AFC West: Michael Floyd

Are the Chiefs trading down?

April, 26, 2012
There has been some chatter Kansas City could put the No. 11 pick up for sale. With New England potentially interested in Alabama safety Mark Barron and Boston College linebacker Luke Kuechly, perhaps former colleagues Scott Pioli and Bill Belichick could come to an accord. However, the Chiefs like both of those players as well.

Still, getting the No. 27 and No. 31 picks from the Patriots could perhaps appeal to Pioli. In that case, the Chiefs would have three picks in the first 44.

Meanwhile, refuted a report that said Kansas City receiver Dwayne Bowe may sign his franchise tender prior to the draft because he is worried that the Chiefs will draft a receiver early (Michael Floyd, anyone?) and strip his franchise tag, making him an unrestricted free agent in a market with little free-agency money. The report says Bowe is still hopeful of getting a long-term deal by July 15.

I still say the franchise-tag dilemma is overblown. Whether he signs an extension or not, Bowe will be a Chief this season. Is he really going to let more than $9 million in 2012 salary sit on the table? Of course not.

Meanwhile, with the NFL considering suspending the Pro Bowl, many readers have emailed me, saying the league should consider a skills competition and have something similar to the NBA All-Star weekend. I agree, and I know that some in the league have considered that. I think the key is staying in Hawaii. Players love it and would lose interest if Hawaii is taken completely out of the mix.

AFC West draft primer

April, 20, 2012
With the NFL draft starting in six days, there are many interesting storylines involving the AFC West. Let’s take a look:

Will the Chiefs make a big move up? The Kansas City Chiefs could become the story of the division with a move up for Texas A&M quarterback Ryan Tannehill. There has been recent buzz that the Chiefs may be one of the teams interested in moving up for Tannehill. If he is available at No. 7 (Miami may take Tannehill at No. 8), I could see the Chiefs jumping in the mix. Jacksonville, which has the No. 7 pick, probably would be willing to part with the pick or the Chiefs could take a risk and hope he falls to No. 11. Tannehill is the only attainable quarterback who could immediately press Matt Cassel.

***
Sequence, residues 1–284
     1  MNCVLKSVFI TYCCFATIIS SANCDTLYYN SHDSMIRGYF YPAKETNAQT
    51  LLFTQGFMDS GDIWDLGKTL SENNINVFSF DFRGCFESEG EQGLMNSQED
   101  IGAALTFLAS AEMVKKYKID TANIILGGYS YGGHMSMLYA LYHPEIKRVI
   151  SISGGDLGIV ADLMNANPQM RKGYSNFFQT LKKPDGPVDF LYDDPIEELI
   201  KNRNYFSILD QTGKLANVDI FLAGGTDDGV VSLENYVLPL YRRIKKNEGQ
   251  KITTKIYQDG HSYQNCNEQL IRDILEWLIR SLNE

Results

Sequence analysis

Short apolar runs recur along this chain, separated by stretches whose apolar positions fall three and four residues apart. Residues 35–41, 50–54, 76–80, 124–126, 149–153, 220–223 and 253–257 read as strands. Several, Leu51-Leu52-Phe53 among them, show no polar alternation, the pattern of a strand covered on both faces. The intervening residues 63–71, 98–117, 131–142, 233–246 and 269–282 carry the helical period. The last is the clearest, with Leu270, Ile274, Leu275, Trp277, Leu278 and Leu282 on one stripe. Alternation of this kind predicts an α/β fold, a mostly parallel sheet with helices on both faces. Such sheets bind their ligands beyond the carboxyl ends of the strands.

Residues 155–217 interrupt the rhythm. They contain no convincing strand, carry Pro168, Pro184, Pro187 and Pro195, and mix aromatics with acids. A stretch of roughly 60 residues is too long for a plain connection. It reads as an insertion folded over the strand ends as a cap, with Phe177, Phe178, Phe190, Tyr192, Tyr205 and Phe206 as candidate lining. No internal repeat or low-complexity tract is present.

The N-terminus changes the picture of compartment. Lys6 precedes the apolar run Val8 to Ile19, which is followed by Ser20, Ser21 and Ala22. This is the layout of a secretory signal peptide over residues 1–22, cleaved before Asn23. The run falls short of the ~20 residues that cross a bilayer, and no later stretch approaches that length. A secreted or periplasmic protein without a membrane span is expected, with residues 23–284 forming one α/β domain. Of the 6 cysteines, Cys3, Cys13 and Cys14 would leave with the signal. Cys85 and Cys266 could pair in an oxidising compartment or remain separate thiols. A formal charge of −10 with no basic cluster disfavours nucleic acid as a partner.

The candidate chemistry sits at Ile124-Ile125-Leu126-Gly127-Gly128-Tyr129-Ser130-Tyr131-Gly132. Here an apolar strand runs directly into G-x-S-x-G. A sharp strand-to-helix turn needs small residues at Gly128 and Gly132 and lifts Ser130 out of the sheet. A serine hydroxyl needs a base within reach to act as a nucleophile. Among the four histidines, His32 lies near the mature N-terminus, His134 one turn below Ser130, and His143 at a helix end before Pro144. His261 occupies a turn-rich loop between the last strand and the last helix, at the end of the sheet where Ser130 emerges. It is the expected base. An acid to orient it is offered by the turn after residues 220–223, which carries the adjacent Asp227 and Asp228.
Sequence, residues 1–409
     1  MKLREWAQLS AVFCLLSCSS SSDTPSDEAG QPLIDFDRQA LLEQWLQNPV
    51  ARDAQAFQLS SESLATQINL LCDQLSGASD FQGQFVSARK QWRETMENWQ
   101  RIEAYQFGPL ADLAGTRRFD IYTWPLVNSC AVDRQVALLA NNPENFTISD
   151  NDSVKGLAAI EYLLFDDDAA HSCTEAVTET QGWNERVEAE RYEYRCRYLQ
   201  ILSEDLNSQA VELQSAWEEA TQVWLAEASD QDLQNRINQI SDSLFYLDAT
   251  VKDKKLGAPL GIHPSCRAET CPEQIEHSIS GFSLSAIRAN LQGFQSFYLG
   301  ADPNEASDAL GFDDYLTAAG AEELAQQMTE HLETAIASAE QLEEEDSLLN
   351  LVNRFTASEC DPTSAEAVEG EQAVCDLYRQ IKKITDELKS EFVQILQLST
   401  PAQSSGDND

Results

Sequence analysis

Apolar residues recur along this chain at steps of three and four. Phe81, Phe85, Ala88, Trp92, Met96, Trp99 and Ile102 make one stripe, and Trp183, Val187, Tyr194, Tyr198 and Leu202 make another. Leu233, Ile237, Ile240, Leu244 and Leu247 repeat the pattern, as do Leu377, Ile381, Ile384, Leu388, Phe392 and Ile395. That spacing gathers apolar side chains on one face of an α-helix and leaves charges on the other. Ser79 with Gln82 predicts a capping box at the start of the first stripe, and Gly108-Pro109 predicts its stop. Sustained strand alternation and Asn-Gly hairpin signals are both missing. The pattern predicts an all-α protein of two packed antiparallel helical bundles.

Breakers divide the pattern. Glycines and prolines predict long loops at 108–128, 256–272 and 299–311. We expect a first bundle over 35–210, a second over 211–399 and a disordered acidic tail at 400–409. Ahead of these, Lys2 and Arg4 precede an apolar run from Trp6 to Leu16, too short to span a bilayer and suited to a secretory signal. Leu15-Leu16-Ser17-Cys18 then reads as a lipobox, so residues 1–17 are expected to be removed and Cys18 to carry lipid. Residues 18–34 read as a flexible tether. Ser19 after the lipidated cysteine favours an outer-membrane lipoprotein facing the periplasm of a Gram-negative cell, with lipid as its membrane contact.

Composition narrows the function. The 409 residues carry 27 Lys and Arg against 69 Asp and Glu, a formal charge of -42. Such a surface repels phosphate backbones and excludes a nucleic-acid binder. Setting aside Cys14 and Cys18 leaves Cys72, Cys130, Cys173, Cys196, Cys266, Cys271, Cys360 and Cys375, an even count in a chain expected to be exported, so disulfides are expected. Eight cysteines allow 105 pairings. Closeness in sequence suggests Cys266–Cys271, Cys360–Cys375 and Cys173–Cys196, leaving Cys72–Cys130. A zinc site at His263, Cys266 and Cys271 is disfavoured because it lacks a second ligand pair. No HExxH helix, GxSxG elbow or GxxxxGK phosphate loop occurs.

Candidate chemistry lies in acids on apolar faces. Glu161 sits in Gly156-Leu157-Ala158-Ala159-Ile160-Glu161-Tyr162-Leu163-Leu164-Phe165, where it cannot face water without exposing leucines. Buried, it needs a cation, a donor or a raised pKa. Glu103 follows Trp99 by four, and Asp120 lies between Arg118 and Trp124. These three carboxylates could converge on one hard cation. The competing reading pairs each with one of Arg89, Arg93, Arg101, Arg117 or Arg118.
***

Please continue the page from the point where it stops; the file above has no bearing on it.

Will a second-day quarterback be on the way? I think a Friday storyline could be the addition of a second-tier quarterback in the division. If the Chiefs don’t take Tannehill, they could take a quarterback in the second or third round, and Denver could take one on the second day as well. The quarterbacks available on the second day probably will be Oklahoma State’s Brandon Weeden, Michigan State’s Kirk Cousins, Arizona State’s Brock Osweiler and Arizona’s Nick Foles. Kansas City could look at any of the four and Denver is probably in the mix for all but Weeden. He will soon turn 29, and with Peyton Manning in Denver, I don’t think the Broncos will take an older quarterback.

[+] EnlargePeyton Manning
AP Photo/Eric BakkeWill AFC West teams draft differently now that Peyton Manning is in the division?
Will there be a Manning factor? The Chiefs and Chargers could both opt to use their first-round picks on defensive players. With Manning entering the division, focusing on defense may be the right call in Kansas City and San Diego.

Will there be a changing of the guard? Stanford’s David DeCastro is considered one of the best guard prospects in the past several years and he is considered a sure thing. Both the Chiefs and Chargers are considered teams that could land DeCastro.

Will the Raiders make a move up? The Raiders don’t pick until No. 95, the final pick of the third round. Oakland could move up to get a better prospect, but I wouldn’t think Oakland would move too far up the draft. Sooner or later, the team must stop mortgaging future picks, and I think new Oakland general manager Reggie McKenzie gets that. I’d expect him to suck it up and deal with what he has this year for the most part.

Will the Chiefs add a running back? There was early talk Kansas City could make a play for Alabama’s Trent Richardson, which could require a move up to No. 5. That may not be a likely scenario. However, the Chiefs could still take a running back in the early rounds. Jamaal Charles is coming off a torn ACL and Peyton Hillis signed a one-year deal. The Chiefs have been visiting with running backs, so I could see them taking one at some point.